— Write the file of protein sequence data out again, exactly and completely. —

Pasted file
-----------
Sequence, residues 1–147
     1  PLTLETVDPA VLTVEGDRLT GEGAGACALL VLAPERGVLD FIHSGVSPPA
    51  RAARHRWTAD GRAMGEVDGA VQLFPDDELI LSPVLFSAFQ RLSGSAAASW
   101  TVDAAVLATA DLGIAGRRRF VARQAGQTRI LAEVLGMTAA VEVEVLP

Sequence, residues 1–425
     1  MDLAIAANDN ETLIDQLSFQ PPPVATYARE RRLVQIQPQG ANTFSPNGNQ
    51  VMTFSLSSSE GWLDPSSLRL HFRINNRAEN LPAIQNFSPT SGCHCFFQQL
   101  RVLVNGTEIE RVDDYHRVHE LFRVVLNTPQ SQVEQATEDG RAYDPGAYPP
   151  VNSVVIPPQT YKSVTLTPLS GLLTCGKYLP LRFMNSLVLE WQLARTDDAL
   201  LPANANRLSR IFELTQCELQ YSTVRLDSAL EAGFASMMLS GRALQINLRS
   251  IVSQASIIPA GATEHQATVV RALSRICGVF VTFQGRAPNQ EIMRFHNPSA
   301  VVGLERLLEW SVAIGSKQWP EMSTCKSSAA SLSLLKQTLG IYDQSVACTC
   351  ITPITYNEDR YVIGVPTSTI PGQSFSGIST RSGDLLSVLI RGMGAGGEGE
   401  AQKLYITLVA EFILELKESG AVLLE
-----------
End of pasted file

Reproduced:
Sequence, residues 1–147
     1  PLTLETVDPA VLTVEGDRLT GEGAGACALL VLAPERGVLD FIHSGVSPPA
    51  RAARHRWTAD GRAMGEVDGA VQLFPDDELI LSPVLFSAFQ RLSGSAAASW
   101  TVDAAVLATA DLGIAGRRRF VARQAGQTRI LAEVLGMTAA VEVEVLP

Sequence, residues 1–425
     1  MDLAIAANDN ETLIDQLSFQ PPPVATYARE RRLVQIQPQG ANTFSPNGNQ
    51  VMTFSLSSSE GWLDPSSLRL HFRINNRAEN LPAIQNFSPT SGCHCFFQQL
   101  RVLVNGTEIE RVDDYHRVHE LFRVVLNTPQ SQVEQATEDG RAYDPGAYPP
   151  VNSVVIPPQT YKSVTLTPLS GLLTCGKYLP LRFMNSLVLE WQLARTDDAL
   201  LPANANRLSR IFELTQCELQ YSTVRLDSAL EAGFASMMLS GRALQINLRS
   251  IVSQASIIPA GATEHQATVV RALSRICGVF VTFQGRAPNQ EIMRFHNPSA
   301  VVGLERLLEW SVAIGSKQWP EMSTCKSSAA SLSLLKQTLG IYDQSVACTC
   351  ITPITYNEDR YVIGVPTSTI PGQSFSGIST RSGDLLSVLI RGMGAGGEGE
   401  AQKLYITLVA EFILELKESG AVLLE